The Moral Obligation to Remember the Crimes of Communism

In June, the Victims of Communism Museum opened in Washington, DC, just a few blocks from the White House—but with none of the attention that greeted other recent additions to the city’s cultural landscape. Yet its mission, Gary Dreyer argues, is more important than ever, with the horrors of Communist rule little known, especially by the young, while the Russian and Chinese governments, along with a number of Western leftists, wish to cover them up. Dreyer discusses the moral imperative of ensuring that this history is remembered correctly, and its special importance for Jews:

My grandparents, having survived the twin evils of Stalinism and Nazism as children, spent their adulthoods grappling with the corrupt, economically backward, and authoritarian police state of the post-Stalinist USSR, trying to bring up families in a climate of ratcheting anti-Semitism that deprived them and their children of work, education, and housing opportunities.

[Yet] discussing the history of the victims of Communism is hard. It takes intellectual honesty, empathy, and courage to do it right. And it is also controversial, not least because of the inevitable comparisons and contrasts between Soviet Stalinism and German National Socialism. Historians and Shoah survivors and their families and advocates have been loath even to discuss the notion of Communism having “victims” who can be analogized to those of the Nazis.

For many, the notion that these Soviet crimes can be described as “genocide” is deeply suspect and rooted in a desire, on the part of non-Germans in Europe, to evade responsibility for their participation in the murder of Jews during the Shoah. At worst, it is seen as a racist cudgel and perpetuation of the widespread myth of “Judeo-Bolshevism,” which was central to Nazi propaganda and far-right conspiracy theorists both before and after World War II.

But in its quest to prevent the distortion of the historical record and preserve the distinctiveness of the Nazis’ crimes against humanity and the Jewish people, this approach not only gives short shrift to victims of Communism as a whole; it also erases the history of Soviet anti-Semitism and xenophobia, all while stilling the voices of Jewish victims of Communism from the former Soviet Union and eastern bloc. Public education and commemoration of the victims of Communism and National Socialism is not a one-or-the-other choice. Rather, both are essential for a healthy society that can proceed into the future with sufficient awareness of the errors and horrors of the past, whatever extreme end of the political spectrum those violent ideologies come from.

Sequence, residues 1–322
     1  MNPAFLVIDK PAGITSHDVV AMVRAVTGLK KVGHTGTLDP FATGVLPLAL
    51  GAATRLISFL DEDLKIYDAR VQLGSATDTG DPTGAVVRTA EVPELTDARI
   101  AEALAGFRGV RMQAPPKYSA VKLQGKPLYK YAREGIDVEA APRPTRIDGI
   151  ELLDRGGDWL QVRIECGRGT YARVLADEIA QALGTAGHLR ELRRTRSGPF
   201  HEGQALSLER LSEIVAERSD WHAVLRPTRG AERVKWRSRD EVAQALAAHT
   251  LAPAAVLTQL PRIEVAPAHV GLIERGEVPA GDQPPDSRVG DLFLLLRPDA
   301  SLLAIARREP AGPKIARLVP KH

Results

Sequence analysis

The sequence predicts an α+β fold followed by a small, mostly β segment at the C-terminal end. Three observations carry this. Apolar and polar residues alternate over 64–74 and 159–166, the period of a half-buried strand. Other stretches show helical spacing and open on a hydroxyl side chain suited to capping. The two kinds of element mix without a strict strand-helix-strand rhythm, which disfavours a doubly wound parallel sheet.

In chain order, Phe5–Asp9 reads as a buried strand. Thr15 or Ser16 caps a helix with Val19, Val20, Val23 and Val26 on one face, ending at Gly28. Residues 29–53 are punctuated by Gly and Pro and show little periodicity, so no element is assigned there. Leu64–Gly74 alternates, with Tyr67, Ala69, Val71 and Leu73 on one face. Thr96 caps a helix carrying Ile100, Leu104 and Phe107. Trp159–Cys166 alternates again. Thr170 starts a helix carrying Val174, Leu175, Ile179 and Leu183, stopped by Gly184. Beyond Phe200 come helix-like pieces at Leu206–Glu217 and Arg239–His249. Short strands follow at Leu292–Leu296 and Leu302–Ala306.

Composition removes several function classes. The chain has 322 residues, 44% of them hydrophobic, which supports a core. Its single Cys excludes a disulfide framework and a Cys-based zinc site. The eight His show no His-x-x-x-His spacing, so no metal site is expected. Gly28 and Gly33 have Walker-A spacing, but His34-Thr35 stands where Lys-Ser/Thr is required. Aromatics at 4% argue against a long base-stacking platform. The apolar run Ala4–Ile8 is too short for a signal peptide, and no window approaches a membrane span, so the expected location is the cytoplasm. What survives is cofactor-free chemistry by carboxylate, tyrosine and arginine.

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More about: Anti-Semitism, Communism, Museums, Soviet Jewry

What Is the Biden Administration Thinking?

In the aftermath of the rescue of four Israeli hostages on Friday, John Podhoretz observes some “clarifying moments.” The third strikes me as the most important:

Clarifying Moment #3 came with the news that the Biden administration is still calling for negotiations leading to a ceasefire after, by my count, the seventh rejection of the same by Hamas since Bibi Netanyahu’s secret offer a couple of weeks ago. Secretary of State Blinken, a man who cannot say no, including when someone suggests it would be smart for him to play high-school guitar while Ukraine burns, will be back in the region for the eighth time to urge Hamas to accept the deal. Why is this clarifying? Because it now suggests, here and for all time, that the Biden team is stupid.

Supposedly the carrot the [White House] is dangling in the region is a tripartite security deal with Saudi Arabia and Israel. Which would, of course, be a good thing. But like the stupid people they are now proving to be, they seem not to understand the very thing that led the Saudis to view Israel as a potential ally more than a decade ago: the idea that Israel means business and does what it must to survive and built itself a tech sector the Saudis want to learn from. Allowing Hamas to survive, which is implicitly part of the big American deal, will not lead to normalization. The Saudis do not want an Iranian vassal state in Palestine. Their entire foreign-policy purpose is to counter Iran. I know that. You know that. Everybody in the world knows that. Even Tony Blinken’s guitar is gently weeping at his dangling a carrot to Israel and Saudi Arabia that neither wants, needs, nor will accept.

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More about: Antony Blinken, Gaza War 2023, Joseph Biden, Saudi Arabia, U.S.-Israel relationship